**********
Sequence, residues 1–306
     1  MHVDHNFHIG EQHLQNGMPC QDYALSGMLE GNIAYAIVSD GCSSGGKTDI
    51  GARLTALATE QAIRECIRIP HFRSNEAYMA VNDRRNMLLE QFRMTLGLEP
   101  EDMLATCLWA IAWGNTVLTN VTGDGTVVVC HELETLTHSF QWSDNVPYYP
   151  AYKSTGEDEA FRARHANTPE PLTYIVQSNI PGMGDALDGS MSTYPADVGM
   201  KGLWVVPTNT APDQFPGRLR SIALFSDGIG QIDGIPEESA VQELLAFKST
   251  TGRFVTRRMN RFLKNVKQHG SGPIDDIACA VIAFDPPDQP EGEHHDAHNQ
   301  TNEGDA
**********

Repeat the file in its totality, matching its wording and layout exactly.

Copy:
Sequence, residues 1–306
     1  MHVDHNFHIG EQHLQNGMPC QDYALSGMLE GNIAYAIVSD GCSSGGKTDI
    51  GARLTALATE QAIRECIRIP HFRSNEAYMA VNDRRNMLLE QFRMTLGLEP
   101  EDMLATCLWA IAWGNTVLTN VTGDGTVVVC HELETLTHSF QWSDNVPYYP
   151  AYKSTGEDEA FRARHANTPE PLTYIVQSNI PGMGDALDGS MSTYPADVGM
   201  KGLWVVPTNT APDQFPGRLR SIALFSDGIG QIDGIPEESA VQELLAFKST
   251  TGRFVTRRMN RFLKNVKQHG SGPIDDIACA VIAFDPPDQP EGEHHDAHNQ
   301  TNEGDA